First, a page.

Saturday, 29 June 2013

Hong Kong Day 1

Hello everyone!

Hong Kong was a BLAST. Albeit the very erratic weather, walking for 6-7 hours straight daily in search of food places/ tourist attractions etc/ getting 'scolded' by the numerous grumpy canto old ladies, it was a much fulfilling trip.

So today I'm here to help you guys out. I'm not the best planner (I'm not good at all) but in the next few posts I will be giving you tips and tricks into getting around the city that never sleeps.

After looking at the numerous hotels around the Mongkok area, I decided to settle with Langham Place Hotel in Mongkok. Ranked #6 out of #507 hotels in HK and chosen as the traveller's choice 2013 winner, it was one of the better hotels I have lived in in HK. It is a little pricey though (It sets you back SGD900 for 4 nights but I had a discount), so if you can afford to splurge on accommodation, I would definitely suggest Langham Place Hotel.

Right below the hotel is Langham Place Shopping Mall, a huge mall which caters to brands like H&M, Monki, Agnes B and several other higher end brands. Foods like Awfully Chocolate, Mos Burger and a huge food court is housed in this mall too. 

The best part about Langham Place Hotel, apart from their service, is the location. It's literally a stone's throw away from the MTR station and is located in the heart of HK. We didn't need to take a cab anywhere and most of the food places we wanted to go to were just a short walk away.

Getting to the hotel was relatively easy. I took a bus from the airport to Jordan station and took an MTR to Mongkok. When you exit you'll hit H&M afterwhich, around the corner, will be Langham Hotel.

The room was relatively big for a hotel in HK, with a king sized bed and ample room for 2 clumsy dinosaurs to move about. The glass that separates the bedroom and bathroom is transparent which adds a very elegant touch (Of course there are blinds for you to pull down when you bathe;) )

The view from the 21st floor. Buildings, buildings, more buildings. 

Langham Place Hotel, Monkok
555 Shanghai Street, Hong Kong


Here's Tip #1: Buy an octopus card! It's the first thing you should do once you step in Hong Kong. An octopus card acts like an EZ link card, enabling you to access public transport, pay for foods at 7-11 amongst other things. We spent about SGD80 on public transport for 5 days which was pretty expensive in our opinion but taxis in HK cost much more than public transport. We did take the MTR everywhere we went, though.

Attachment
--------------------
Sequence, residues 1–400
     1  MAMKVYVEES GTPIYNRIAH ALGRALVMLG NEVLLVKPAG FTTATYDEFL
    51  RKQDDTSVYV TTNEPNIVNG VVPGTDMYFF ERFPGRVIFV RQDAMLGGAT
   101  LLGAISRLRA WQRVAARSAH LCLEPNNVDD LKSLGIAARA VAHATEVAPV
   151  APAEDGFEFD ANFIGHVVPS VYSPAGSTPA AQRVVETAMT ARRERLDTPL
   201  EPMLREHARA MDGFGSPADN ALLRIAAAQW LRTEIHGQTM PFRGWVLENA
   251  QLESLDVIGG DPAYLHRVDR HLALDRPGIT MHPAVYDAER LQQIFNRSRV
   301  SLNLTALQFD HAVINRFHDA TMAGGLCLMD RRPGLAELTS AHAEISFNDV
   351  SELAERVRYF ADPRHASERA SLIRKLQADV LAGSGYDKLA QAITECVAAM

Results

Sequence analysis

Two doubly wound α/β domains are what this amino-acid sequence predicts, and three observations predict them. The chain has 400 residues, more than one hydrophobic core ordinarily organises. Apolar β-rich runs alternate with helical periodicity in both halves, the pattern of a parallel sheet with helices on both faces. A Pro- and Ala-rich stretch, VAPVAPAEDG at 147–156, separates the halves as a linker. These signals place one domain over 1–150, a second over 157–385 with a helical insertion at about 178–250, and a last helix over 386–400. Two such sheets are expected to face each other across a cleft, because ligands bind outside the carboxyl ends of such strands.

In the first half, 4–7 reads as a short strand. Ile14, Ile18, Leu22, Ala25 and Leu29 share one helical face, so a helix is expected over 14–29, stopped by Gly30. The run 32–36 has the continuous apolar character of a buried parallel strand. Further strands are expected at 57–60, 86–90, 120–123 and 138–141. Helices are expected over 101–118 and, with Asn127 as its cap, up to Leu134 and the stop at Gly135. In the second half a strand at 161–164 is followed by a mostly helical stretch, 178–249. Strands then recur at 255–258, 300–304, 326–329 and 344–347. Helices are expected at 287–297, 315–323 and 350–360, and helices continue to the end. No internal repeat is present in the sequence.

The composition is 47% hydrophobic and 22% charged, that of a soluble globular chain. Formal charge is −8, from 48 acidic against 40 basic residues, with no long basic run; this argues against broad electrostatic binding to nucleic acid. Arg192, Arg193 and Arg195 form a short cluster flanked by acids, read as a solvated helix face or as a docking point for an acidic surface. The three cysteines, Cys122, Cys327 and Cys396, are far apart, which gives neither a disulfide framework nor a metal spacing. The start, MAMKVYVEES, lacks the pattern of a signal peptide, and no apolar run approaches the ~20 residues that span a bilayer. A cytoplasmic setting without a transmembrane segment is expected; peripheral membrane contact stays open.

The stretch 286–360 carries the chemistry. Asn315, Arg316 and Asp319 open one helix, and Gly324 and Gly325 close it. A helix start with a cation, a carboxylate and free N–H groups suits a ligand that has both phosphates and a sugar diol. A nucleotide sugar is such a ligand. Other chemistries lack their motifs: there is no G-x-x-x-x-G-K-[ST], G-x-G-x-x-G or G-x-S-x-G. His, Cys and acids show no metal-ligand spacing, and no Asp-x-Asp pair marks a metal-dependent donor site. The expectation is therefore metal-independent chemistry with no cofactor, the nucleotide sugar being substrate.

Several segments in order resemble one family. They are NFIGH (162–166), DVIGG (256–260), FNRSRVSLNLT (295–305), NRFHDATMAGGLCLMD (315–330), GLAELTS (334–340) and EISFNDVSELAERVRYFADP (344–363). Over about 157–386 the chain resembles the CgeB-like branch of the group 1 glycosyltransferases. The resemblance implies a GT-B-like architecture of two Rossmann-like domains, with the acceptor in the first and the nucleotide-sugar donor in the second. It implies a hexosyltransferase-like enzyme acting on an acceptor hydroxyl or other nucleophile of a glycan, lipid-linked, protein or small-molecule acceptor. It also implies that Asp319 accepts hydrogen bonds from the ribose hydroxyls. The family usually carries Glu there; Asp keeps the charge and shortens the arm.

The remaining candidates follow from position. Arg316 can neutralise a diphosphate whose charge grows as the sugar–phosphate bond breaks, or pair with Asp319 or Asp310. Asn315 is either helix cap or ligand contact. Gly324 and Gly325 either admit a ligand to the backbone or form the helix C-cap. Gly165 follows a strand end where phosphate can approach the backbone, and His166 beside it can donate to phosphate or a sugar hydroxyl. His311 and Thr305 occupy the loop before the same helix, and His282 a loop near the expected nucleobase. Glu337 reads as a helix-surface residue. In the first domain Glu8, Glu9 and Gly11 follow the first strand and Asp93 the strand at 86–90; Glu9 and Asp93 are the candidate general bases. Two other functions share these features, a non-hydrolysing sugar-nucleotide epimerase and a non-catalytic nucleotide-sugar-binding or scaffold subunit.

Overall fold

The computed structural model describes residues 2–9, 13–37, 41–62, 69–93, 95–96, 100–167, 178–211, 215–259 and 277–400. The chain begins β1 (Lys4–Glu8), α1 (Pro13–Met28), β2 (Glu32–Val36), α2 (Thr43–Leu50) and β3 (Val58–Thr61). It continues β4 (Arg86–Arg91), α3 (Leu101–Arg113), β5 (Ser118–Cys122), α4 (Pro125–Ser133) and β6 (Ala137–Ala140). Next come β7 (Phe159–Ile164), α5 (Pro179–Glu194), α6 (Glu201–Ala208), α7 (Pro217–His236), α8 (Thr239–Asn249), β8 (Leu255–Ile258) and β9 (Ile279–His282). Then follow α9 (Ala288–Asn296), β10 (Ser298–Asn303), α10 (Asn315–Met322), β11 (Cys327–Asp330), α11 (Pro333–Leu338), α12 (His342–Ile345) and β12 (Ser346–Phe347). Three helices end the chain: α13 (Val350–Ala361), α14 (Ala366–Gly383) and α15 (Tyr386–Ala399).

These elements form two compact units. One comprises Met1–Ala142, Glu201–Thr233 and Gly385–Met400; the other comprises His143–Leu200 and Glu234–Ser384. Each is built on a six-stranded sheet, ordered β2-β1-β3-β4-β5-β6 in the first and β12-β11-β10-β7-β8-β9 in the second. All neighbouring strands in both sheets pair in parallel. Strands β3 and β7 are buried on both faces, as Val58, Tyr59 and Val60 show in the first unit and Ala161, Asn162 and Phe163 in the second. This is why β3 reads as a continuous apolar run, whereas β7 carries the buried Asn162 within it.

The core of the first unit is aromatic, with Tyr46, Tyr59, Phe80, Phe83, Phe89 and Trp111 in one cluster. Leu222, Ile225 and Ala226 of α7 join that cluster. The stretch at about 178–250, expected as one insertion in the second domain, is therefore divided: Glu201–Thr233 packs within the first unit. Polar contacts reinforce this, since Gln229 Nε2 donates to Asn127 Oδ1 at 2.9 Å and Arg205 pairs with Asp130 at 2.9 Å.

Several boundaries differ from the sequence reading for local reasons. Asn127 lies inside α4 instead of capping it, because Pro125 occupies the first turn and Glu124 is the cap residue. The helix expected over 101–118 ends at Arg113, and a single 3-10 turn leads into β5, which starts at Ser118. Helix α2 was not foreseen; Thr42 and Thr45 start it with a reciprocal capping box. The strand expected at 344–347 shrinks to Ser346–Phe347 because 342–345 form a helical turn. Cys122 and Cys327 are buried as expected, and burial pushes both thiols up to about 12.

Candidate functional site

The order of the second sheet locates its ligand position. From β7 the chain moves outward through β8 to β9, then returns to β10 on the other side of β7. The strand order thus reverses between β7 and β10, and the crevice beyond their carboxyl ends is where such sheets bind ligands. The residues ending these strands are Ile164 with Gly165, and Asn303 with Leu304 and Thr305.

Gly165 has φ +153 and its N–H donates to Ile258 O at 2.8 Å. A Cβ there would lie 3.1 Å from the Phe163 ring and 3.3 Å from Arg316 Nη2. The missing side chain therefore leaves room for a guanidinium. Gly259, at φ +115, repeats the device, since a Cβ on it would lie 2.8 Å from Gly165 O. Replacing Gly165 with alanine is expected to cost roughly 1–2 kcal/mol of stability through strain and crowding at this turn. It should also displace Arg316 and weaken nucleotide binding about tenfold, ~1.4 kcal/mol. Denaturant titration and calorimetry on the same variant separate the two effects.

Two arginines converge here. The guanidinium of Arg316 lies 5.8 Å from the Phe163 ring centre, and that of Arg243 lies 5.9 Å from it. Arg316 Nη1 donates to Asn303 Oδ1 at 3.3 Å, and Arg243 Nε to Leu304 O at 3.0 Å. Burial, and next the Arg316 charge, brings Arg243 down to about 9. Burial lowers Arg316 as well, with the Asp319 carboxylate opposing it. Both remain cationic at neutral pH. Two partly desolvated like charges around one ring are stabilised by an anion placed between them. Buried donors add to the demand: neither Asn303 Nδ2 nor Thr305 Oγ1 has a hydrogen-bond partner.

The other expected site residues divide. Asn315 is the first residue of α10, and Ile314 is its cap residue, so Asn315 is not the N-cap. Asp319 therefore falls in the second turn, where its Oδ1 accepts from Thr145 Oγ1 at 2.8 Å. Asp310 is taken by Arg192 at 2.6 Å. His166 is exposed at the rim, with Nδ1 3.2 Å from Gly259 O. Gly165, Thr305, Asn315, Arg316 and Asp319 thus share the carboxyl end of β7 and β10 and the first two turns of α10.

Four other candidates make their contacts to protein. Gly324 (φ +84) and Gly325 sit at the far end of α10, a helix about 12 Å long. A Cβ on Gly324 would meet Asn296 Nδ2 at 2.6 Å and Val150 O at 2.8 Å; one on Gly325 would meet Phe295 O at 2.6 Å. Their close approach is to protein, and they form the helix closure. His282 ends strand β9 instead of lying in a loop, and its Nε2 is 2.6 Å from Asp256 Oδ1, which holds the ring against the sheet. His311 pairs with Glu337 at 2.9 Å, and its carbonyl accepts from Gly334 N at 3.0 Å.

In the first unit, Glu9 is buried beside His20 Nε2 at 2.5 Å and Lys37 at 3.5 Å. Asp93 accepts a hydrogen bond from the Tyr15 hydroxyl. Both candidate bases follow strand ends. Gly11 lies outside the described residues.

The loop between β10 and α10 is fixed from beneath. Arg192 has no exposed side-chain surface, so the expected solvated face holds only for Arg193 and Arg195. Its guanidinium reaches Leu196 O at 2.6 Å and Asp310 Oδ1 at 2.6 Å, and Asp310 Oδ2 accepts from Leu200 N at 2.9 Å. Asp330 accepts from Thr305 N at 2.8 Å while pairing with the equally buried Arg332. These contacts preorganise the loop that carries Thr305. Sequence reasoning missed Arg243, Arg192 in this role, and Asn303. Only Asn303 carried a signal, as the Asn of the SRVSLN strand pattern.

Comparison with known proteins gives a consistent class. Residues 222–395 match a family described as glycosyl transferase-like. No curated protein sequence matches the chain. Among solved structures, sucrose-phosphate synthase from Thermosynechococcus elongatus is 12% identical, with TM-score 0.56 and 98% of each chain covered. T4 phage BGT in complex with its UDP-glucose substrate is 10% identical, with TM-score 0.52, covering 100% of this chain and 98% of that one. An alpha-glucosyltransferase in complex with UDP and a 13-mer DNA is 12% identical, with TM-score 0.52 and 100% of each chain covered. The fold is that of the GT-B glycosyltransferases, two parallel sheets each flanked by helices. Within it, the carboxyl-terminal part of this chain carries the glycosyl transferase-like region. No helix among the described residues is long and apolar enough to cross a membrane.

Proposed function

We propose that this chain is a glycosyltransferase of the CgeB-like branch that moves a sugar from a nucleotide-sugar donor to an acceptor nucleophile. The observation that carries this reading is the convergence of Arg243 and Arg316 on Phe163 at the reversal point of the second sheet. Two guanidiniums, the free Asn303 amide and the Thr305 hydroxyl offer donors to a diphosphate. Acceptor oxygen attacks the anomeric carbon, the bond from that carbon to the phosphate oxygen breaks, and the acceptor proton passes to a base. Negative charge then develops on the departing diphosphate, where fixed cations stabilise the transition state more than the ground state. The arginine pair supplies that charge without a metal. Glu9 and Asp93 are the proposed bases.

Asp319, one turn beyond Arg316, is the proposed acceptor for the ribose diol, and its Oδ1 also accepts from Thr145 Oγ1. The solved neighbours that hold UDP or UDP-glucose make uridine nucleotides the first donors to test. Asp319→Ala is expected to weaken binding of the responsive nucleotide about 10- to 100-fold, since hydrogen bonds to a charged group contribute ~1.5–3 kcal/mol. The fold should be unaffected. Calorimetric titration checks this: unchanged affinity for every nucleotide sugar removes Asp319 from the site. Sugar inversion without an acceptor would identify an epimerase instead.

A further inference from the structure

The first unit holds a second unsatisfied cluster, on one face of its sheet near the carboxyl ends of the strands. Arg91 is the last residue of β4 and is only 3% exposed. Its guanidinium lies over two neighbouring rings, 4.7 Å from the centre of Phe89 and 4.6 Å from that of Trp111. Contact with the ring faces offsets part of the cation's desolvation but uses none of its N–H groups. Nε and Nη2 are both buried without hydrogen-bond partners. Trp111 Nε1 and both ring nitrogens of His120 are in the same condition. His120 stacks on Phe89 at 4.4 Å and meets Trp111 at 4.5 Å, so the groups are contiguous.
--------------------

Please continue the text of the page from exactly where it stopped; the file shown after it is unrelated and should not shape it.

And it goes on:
Tip #2: Get a map! The reception desk was very helpful as to have provided a map for us to get around. Several of the food places we visited were situated at quieter areas and the map helped greatly. Alternatively, download the MTR map + food guide + cantonese phrases on your iphone/android to help you get around a little better.

The streets in HK are cluttered and I really mean cluttered. HK people can be a lil grumpy at times (And VERY impatient might I add) but don't take it to heart. Most of them like to speak their minds and though they might grumble about/at you, they'll still treat you nicely and maybe even smile at you after you're done with your meal.

My advice? Learn a little bit of cantonese before heading over. It's good to know about the language and how to order/ ask for directions. However in recent years the people in HK have been brushing up their Mandarin so speaking Mandarin would definitely help you in getting around!

Our first stop: Chan Kee Restaurant!

Before heading for HK, I managed to dig up the best places to eat around the Mongkok area and was directed to this stall. Famous for its geese, Chan Kee serves the crispest most fatty geese I have ever come across. And boy, was it gooooooood.

Like any other restaurant in HK, there are several seats with little space for you to move around. It's best if you eat and leave too, as throngs of people normally eat at all times of the day and hogging the seats would grant you a scolding my the grumpy canto waitresses.

My advice would be to go for a late lunch (Around 3pm) or a late dinner (Around 8pm) as lunch/dinner times can get extremely packed. Don't go too late though as they might run out of their specialities.

First up: The very famous nai cha. When in HK, one must drink milk tea. The tea was pretty much to my liking. Thick, sweet, ice cold. Mmmmmm.

I apologize in advance for all the dishes I will show you in this and the upcoming posts. There are certain dishes I have forgotten the name of but I'll def let you guys know if they were worth ordering!

The most appetizing thing on the plate was the geese. The sausage and duck was mediocre but the geese. Oh, the geese.... Fatty, oozing with oil and bursting with flavour, it goes well with the plum sauce accompanying the dish.

We ordered a bowl of geese noodles too. I'd say this was the better of the 2 as it was solely geese. Yum.

Sham Tseng Chan Kee Roasted Goose
427-427A Reclamation Street, Mong Kok, Hong Kong
Mon-Sun: 7am - 12am (Depending on how well they sell each day)

Service: ♡ 1/2

We managed to try HK's famous roadside egg waffles too! Also known as gai daan tsai, these little fluffy waffles are basically pockets of circular pieces you pluck out and nom on whilst browsing through the millions of shops. Sadly I found these normal. Maybe I should have gotten the chocolate one but what these are are simply egg batter balls. Sounds mediocre? That's cos they were. I wouldn't mind getting them again though, just to see what the difference is between an original and flavoured one.


So that concludes Day One of HK! I'm dead beat as I'm writing this post so I'll leave the rest for tomorrow. Stay tuned!

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